My research uses integrative (or interdisciplinary) approaches to how people use and manage their landscapes, how that relates to science, conservation, indigenous knowledge, and policy, and how people cope with variability and change. I ground this work in political ecology, science and technology studies, human geography, and collaboration. My investigations contribute to three key areas of understanding for human – environment relations and cultural anthropology: 1) how to conserve and govern environments in culturally sensitive ways; 2) how indigenous populations maintain their identity and advocate for their rights in spite of tremendous change; 3) and how to make science more collaborative, via processes that build theory and incorporate multiple voices. I use my background in ecology and conservation practice to build work that is conversant in natural and social sciences, and that is relevant to local communities and conservation practitioners.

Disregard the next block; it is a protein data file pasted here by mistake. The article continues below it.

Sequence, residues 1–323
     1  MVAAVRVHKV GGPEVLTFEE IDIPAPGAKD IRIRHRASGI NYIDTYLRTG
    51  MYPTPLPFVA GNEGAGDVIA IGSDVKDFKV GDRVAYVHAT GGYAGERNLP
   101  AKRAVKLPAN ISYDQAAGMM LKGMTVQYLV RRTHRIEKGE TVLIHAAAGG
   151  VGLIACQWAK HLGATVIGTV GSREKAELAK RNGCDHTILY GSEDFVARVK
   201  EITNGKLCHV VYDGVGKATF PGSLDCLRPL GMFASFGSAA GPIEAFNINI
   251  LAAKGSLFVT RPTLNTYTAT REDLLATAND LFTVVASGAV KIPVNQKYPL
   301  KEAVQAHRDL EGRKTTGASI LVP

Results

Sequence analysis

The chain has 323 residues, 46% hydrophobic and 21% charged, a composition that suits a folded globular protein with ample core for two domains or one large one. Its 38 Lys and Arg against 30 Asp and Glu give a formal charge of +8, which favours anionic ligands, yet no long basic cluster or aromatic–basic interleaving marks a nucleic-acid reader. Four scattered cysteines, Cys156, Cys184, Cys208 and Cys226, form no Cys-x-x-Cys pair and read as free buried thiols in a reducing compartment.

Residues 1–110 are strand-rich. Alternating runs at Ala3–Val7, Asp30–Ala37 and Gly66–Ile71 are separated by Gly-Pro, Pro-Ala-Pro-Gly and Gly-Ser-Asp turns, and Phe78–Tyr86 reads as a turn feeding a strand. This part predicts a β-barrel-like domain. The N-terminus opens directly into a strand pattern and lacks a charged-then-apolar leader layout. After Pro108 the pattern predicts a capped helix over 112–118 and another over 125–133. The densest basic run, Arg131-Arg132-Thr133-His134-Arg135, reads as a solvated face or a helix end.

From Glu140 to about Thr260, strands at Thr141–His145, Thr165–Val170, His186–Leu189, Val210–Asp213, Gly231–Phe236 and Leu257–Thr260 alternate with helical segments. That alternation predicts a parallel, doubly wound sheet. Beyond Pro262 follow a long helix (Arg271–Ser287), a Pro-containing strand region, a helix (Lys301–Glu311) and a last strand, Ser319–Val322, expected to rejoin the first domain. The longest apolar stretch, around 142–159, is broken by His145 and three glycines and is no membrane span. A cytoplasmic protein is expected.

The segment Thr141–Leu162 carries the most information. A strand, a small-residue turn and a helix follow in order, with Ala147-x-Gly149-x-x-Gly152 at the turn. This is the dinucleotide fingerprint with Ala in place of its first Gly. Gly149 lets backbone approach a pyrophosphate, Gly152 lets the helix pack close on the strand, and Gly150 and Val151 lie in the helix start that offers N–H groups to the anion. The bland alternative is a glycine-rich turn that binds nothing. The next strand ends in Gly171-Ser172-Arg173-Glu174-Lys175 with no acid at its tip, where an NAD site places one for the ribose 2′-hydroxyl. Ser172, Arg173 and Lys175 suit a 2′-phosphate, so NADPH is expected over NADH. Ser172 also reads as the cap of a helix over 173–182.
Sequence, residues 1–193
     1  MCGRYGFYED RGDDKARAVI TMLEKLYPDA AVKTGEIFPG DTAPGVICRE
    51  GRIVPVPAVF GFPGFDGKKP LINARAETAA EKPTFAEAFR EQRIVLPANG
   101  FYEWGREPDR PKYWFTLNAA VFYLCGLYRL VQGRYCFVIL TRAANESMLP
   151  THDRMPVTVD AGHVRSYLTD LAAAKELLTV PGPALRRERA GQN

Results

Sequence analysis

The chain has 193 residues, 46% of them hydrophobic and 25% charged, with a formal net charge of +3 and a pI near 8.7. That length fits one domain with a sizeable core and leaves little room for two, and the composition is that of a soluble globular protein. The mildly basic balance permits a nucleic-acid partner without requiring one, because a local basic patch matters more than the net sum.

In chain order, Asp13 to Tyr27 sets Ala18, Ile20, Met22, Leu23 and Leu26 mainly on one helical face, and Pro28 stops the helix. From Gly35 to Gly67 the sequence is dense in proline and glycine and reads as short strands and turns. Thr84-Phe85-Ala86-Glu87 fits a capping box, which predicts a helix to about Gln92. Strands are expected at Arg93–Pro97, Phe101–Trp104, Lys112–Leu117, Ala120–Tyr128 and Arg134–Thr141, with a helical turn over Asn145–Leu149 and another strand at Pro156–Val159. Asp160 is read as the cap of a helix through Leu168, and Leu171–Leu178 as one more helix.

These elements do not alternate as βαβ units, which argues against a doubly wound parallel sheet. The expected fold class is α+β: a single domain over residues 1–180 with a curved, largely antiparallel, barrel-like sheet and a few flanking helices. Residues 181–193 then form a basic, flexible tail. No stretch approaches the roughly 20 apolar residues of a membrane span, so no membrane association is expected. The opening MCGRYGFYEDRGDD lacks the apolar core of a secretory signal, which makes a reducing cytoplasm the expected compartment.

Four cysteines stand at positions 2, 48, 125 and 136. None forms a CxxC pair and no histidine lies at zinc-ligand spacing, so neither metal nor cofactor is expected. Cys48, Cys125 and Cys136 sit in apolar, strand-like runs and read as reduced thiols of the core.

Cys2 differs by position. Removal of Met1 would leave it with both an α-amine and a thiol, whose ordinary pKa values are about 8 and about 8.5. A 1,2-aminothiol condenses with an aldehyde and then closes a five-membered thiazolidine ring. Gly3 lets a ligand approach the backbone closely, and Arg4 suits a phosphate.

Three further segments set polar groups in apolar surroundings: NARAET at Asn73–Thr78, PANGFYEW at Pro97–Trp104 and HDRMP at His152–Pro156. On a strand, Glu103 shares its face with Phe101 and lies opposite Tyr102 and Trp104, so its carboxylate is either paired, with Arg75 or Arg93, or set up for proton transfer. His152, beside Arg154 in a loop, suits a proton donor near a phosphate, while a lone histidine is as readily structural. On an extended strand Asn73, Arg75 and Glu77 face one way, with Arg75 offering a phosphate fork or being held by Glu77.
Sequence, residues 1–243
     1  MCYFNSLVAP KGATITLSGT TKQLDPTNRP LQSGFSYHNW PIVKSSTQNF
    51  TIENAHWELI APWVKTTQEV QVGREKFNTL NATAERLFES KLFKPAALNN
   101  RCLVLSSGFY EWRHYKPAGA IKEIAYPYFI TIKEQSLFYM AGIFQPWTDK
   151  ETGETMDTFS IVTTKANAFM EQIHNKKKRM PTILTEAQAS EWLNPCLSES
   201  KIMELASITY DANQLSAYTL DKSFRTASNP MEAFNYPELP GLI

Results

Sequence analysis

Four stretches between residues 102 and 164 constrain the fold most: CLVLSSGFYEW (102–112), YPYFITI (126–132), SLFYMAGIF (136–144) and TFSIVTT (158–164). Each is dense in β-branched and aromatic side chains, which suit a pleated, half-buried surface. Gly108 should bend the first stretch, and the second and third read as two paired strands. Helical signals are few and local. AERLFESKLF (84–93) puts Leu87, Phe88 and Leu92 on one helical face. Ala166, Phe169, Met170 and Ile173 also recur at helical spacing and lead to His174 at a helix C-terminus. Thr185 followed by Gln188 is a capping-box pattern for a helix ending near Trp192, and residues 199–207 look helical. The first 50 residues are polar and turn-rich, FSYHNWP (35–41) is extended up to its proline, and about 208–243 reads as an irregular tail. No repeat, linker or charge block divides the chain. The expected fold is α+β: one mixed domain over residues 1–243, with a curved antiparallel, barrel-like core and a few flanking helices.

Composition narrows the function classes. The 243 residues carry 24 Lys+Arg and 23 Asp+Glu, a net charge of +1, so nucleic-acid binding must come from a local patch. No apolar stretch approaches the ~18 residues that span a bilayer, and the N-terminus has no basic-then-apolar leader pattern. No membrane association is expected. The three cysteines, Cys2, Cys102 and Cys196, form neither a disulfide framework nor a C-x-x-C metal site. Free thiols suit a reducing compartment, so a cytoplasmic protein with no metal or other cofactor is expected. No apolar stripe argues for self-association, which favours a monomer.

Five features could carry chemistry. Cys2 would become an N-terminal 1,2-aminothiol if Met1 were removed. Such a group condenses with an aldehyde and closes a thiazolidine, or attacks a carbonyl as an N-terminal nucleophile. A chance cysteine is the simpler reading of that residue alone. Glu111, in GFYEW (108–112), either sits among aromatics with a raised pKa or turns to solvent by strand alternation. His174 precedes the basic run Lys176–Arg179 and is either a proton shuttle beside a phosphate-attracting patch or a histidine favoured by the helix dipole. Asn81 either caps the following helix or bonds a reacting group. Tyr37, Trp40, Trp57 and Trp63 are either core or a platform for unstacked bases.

PhD, Forestry and Environmental Studies, Yale University, 2005
PhD, Anthropology, Yale University, 2005
- Political ontology of rosewood loss
- Deforestation and zoonotic disease
- Land rights, conservation, and territoriality
- Silversmithing, ethnic identity, and inter-ethnic relations
- Wounaan ethnohistory
Velásquez Runk, J. 2015. Creating wild Darién: Centuries of Darién’s imaginative geography and its lasting effects. Journal of Latin American Geography 14(3): 127-156.
Velásquez Runk, J. 2014. Enriching indigenous knowledge scholarship via collaborative methodologies: Beyond the high tide’s few hours. Ecology and Society. 19(4): 37. http://dx.doi.org/10.5751/ES-06773-190437
Velásquez Runk, J. 2012. Indigenous land and environmental conflicts in Panama: Neoliberal multiculturalism, changing legislation, and human rights. Journal of Latin American Geography 11: 21-47.